Antihistamine blockade of alcohol-induced flushing in orientals

J Stud Alcohol. 1988 Jan;49(1):16-20. doi: 10.15288/jsa.1988.49.16.


The so-called Oriental flushing reaction associated with ingestion of small amounts of alcohol was antagonized by combined antihistamine administration. In stage one of the study, the flushing reaction to low doses of alcohol was produced in Orientals. Most subjects experienced a cutaneous flush, an increase in skin temperature, a decrease in blood pressure, an increase in pulse rate and subjective symptoms such as dizziness, sleepiness, anxiety, headache, generalized weakness and nausea. Before the administration of alcohol, one-half of the subjects were given 50 mg of diphenhydramine (H1 receptor antagonist) and 300 mg of cimetidine (H2 receptor antagonist). The second half received placebo tablets. The clearest difference between the antihistamine group and placebo group was in the skin flushing reaction. The antihistamine group showed a significant reduction in the skin flush. The antihistamine also neutralized the systolic hypotension induced by the administration of alcohol. The possible importance of histamine in the expression of sensitivity to alcohol is considered. The relevance to genetic susceptibility for development of alcoholism is discussed.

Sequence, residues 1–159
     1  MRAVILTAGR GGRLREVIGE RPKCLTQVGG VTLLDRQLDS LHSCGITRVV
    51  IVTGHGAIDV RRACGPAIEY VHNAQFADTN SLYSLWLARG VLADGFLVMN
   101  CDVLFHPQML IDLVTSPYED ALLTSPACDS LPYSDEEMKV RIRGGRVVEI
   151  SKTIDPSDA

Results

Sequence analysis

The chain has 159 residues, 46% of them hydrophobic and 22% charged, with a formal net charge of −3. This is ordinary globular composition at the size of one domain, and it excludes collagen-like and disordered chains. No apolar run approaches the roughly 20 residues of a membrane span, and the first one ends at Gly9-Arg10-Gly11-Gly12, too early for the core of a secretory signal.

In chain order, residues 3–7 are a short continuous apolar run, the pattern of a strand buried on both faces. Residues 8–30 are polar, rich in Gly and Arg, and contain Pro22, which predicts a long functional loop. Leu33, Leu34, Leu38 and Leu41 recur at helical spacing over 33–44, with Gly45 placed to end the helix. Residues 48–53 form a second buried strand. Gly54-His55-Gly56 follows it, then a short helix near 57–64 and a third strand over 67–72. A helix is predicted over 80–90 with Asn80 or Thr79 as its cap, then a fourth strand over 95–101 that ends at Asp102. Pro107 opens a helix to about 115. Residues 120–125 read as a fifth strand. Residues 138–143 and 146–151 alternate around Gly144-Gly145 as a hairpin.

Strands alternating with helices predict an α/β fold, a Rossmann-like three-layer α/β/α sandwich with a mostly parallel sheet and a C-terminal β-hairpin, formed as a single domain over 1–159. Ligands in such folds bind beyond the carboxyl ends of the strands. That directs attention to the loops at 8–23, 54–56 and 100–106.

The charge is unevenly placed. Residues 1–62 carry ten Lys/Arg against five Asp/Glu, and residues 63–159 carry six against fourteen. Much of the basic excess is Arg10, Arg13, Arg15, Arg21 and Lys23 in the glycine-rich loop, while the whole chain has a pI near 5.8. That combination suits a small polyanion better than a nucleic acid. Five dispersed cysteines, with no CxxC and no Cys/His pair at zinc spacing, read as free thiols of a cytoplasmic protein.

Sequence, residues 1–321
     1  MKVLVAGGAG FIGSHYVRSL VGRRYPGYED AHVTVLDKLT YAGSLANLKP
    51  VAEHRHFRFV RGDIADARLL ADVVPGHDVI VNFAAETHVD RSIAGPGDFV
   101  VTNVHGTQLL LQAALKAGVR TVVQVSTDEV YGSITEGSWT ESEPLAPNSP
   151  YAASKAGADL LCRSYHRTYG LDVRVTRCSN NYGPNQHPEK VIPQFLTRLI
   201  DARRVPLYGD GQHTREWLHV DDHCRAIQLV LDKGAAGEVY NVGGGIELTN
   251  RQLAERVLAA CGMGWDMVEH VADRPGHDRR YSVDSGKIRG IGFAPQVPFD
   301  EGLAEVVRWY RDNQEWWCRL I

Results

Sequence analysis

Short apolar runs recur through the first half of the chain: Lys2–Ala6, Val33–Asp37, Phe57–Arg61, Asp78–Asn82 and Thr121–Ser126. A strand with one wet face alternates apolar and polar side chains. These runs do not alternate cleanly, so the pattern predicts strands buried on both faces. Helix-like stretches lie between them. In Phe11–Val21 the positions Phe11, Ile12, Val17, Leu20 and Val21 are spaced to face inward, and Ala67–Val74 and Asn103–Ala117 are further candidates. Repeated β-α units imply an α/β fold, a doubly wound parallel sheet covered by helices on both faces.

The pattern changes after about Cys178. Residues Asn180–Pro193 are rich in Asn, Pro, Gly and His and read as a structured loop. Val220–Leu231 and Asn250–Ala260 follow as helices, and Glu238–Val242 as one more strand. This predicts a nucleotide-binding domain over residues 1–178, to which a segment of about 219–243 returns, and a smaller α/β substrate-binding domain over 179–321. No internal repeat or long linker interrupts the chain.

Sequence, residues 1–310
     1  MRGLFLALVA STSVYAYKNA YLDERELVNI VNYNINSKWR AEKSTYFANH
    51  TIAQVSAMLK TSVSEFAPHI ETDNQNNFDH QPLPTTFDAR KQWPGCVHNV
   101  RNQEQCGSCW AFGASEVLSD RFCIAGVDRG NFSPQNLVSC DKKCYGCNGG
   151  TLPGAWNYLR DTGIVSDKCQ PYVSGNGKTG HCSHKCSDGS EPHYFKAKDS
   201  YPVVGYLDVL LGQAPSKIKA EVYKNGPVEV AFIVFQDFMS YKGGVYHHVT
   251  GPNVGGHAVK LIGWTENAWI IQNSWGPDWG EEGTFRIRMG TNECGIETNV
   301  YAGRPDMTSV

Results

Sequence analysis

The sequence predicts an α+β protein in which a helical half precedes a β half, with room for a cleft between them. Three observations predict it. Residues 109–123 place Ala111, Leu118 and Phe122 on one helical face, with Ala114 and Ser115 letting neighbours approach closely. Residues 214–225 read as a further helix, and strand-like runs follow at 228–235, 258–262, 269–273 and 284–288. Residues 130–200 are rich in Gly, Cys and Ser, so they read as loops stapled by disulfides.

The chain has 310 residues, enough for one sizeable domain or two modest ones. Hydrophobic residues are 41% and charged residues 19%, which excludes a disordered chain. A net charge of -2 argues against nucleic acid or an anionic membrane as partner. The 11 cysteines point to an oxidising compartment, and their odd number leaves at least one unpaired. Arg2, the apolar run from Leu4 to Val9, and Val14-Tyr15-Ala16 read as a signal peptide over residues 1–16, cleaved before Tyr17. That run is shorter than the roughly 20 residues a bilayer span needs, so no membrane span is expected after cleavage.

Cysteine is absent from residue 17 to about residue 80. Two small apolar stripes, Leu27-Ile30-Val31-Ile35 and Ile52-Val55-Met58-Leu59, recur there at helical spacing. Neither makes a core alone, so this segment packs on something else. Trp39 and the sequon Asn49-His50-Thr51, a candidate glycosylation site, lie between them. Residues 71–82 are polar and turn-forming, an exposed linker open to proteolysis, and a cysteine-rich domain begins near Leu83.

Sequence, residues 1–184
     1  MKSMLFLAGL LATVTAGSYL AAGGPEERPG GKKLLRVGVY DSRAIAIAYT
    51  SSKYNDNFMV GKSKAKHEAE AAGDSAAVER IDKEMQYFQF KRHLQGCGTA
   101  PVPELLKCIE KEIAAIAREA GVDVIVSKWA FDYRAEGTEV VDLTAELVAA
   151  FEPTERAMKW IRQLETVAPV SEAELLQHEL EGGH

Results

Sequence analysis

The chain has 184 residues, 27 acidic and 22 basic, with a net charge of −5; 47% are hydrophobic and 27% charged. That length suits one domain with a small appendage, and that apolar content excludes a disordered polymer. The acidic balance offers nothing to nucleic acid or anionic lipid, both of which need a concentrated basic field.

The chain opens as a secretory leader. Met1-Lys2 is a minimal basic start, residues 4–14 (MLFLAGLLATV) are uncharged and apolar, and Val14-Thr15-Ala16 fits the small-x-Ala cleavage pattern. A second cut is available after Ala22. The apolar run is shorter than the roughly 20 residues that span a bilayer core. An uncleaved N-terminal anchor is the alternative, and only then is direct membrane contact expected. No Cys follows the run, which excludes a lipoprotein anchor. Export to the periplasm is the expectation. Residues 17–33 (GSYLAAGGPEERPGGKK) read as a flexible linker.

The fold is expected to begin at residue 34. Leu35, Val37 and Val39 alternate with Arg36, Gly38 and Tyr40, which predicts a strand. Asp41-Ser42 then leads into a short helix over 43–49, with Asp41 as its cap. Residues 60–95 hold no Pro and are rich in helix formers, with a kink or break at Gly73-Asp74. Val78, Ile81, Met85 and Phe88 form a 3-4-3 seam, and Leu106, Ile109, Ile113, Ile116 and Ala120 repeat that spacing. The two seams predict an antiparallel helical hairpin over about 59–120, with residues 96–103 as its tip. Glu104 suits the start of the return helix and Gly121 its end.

Publication types

  • Clinical Trial
  • Controlled Clinical Trial

MeSH terms

  • Adolescent
  • Adult
  • Alcoholism / genetics
  • Asian Continental Ancestry Group*
  • Blood Pressure / drug effects
  • Cimetidine / pharmacology*
  • Diphenhydramine / pharmacology*
  • Ethanol / adverse effects*
  • Ethanol / blood
  • Female
  • Flushing / chemically induced*
  • Humans
  • Male
  • Middle Aged
  • Skin Temperature / drug effects
  • Time Factors


  • Ethanol
  • Cimetidine
  • Diphenhydramine